I wrote before about precious instability, the idea that I design my life in an "unstable" fashion, then carefully control it, in order to make it more manoeuverable. For people who know me, some recent events might have put that into a bit more context.
But one thing I realized since then is that this concept is much more widely applicable than just me and my idiosyncratic ways. Modern high-tech business requires this kind of instability, but only when it's in the right places.
Put simply, there are two fundamental ways to manage any project: creatively (ie. a prototype) or using a well-defined process. Well-defined processes are efficient and scalable; creative solutions are resilient and flexible. (I wrote about efficiency vs. resilience before too.) An obvious way to balance the two is what I've been trying to do lately: do it (whatever "it" is, even if it's a business activity) the first time as a creative prototype, then try to generalize what you did into a repeatable process. As with software, making a mostly-right generalized design is usually possible, for a good designer, after you've done it about twice creatively.
But once your process is well-defined, then what? I've experimented with the "hand it off entirely to process-driven people" technique, but that often doesn't work very well, because if your process isn't perfect at the start, process-driven people aren't very good at fixing it. Meanwhile, trying to find some middle ground ("we'll follow the process, but bend the rules whenever necessary") is a disaster, because it's not a combined solution, it's a compromise, and it ends up being neither very efficient nor very creative. Gross.
I don't exactly have a tried-and-true solution to this, but here's what I'm thinking. Joel Spolsky has written about The Development Abstraction Layer, which is a partly-right variant of what I'm going to suggest. What he wants is a programmer's ideal world: the programmer just builds what he wants, which is assumed to be the right thing, and the rest of the company is an "abstraction layer" that gets all the annoying repetitive cruft out of the way. In terms of creativity vs. processes, that means the "developers" are creative, and the rest of the company delivers things based on defined processes (or at least inter-group communication follows defined processes).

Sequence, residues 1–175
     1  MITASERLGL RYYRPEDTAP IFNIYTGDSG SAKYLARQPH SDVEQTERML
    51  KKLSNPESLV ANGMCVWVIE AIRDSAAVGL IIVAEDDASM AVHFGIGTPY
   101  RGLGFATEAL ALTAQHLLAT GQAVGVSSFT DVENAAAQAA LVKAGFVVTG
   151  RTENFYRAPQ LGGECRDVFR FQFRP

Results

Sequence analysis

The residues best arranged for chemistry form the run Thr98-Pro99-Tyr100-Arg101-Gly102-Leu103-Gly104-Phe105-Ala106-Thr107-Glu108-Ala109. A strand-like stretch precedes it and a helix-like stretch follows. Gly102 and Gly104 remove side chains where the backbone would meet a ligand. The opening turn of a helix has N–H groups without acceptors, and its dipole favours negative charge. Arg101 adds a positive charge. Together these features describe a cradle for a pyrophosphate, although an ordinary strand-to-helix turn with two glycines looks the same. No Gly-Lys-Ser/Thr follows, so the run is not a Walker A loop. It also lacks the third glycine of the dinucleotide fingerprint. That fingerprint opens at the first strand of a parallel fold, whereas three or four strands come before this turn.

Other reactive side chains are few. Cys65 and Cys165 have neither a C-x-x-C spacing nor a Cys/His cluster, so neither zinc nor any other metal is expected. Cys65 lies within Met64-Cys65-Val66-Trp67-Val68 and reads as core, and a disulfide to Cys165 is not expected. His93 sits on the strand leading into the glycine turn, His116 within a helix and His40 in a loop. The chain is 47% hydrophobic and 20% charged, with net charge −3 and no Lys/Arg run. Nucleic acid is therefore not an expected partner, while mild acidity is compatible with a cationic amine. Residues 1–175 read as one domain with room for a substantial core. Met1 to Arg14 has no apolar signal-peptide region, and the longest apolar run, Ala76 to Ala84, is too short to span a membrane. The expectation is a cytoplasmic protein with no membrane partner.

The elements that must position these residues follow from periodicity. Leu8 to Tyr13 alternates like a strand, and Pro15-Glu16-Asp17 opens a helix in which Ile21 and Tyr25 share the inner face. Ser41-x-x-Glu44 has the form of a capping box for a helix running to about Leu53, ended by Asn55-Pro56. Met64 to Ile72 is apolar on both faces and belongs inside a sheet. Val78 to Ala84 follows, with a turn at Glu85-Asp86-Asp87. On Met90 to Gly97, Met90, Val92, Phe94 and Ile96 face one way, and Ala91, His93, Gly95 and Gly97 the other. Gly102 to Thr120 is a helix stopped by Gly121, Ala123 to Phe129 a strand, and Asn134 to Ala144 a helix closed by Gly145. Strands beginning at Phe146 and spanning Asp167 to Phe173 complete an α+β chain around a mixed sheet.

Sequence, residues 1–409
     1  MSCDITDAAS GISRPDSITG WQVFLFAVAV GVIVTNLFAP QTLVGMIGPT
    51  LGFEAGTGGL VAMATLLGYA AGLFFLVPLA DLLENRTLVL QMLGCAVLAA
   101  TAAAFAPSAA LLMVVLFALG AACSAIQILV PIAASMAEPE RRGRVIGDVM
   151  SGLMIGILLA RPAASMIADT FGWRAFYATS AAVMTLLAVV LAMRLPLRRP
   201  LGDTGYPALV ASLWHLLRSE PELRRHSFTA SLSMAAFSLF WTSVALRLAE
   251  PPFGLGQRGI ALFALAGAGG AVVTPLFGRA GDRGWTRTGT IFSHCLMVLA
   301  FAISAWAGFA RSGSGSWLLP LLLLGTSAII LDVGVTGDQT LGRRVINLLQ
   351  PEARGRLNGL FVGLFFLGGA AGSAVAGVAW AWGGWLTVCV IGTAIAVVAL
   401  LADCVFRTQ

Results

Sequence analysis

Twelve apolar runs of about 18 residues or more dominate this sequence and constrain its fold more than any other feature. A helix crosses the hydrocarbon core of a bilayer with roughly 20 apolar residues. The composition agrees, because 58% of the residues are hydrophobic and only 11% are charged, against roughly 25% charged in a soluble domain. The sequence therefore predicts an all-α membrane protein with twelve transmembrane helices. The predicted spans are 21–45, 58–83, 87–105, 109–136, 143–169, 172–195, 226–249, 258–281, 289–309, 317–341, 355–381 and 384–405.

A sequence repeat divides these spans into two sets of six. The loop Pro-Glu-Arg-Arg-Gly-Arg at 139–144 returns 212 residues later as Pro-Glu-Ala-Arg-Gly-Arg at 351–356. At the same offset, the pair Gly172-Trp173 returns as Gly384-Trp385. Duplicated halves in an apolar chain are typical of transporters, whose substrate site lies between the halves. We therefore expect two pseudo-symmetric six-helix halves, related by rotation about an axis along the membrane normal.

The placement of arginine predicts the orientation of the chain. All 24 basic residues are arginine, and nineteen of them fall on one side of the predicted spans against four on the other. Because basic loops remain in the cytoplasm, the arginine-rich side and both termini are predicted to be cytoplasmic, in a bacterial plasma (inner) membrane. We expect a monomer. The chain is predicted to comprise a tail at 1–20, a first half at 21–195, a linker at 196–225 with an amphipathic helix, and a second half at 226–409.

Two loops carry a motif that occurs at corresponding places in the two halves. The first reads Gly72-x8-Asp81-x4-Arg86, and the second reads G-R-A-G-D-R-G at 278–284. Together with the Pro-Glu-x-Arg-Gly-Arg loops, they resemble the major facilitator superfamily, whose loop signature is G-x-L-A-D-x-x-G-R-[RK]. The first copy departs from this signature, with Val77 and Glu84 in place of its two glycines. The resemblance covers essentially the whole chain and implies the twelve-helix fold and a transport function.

The part where I disagree with Joel is the part where I've already specifically screwed up so I figure I can serve as a warning to everyone: developers shouldn't be the ones running the show. Not quite. Smart people who get stuff done (another Joelism) need to be running the show, but it's not about programming and designs and version control and operating systems and XML. It's about business and customer relations and good communication and... being smart, and getting stuff done. It just turns out that Joel's kind of programmer is exactly the right personality type... if they're deliberately caring about the right things, which is more than just the software.
So how about this. Classify your people into two categories: the creative solutions people and the process-driven people. Don't separate them physically or logistically; they have to work together. The creative solutions people design and update business processes. The process-driven people execute those processes - maybe only after the first prototype - and give rapid feedback on results. Don't worry, Joel, both groups should be smart and get stuff done. But they're two different kinds of people. Some very smart people really have a great time fixing bugs and optimizing failure rates and avoiding creativity at all costs. (Seriously, there are lots of people like this!) These aren't my favourite people to work with, but they're extremely useful because they like doing exactly the kind of stuff that I don't.
At the same time, process-driven people risk falling into dangerously stable ruts and getting blindsided when changes become necessary, because they enjoy their stability and will try to retain it at all costs.
So as a business designer, you need to set up the incentives of the creative and process people correctly. My suggestion? Don't let the process people define their own processes. Make them responsible for executing defined processes efficiently and make creative people responsible for changing the processes to make them efficient.
I call this "dynamic equilibrium," after the term from high school science class. It looks pretty stable, because the majority of people are sitting around executing repeatable processes. It's just that it's not really stable, because exceptions will come up, and when they do, weird stuff happens automatically to re-stabilize the system.
Disclaimer: I haven't tried out this advice yet, but it sounds like fun.
Crap, I really wanted to work in my example about airlines losing my baggage, but it didn't fit... so here it is anyway.
Airlines process absurd amounts of baggage every day very efficiently, and lose a vanishingly small percentage of it. That's an efficient business process.
But every now and then they lose a bag, and they don't know what to do, because if they knew what to do, it wouldn't be lost, sort of by definition.
You need business process people around to deal with the majority of cases, where the bags aren't lost. And you need creative people around to handle the exceptions, learn from them, and fix the processes so even fewer bags get lost.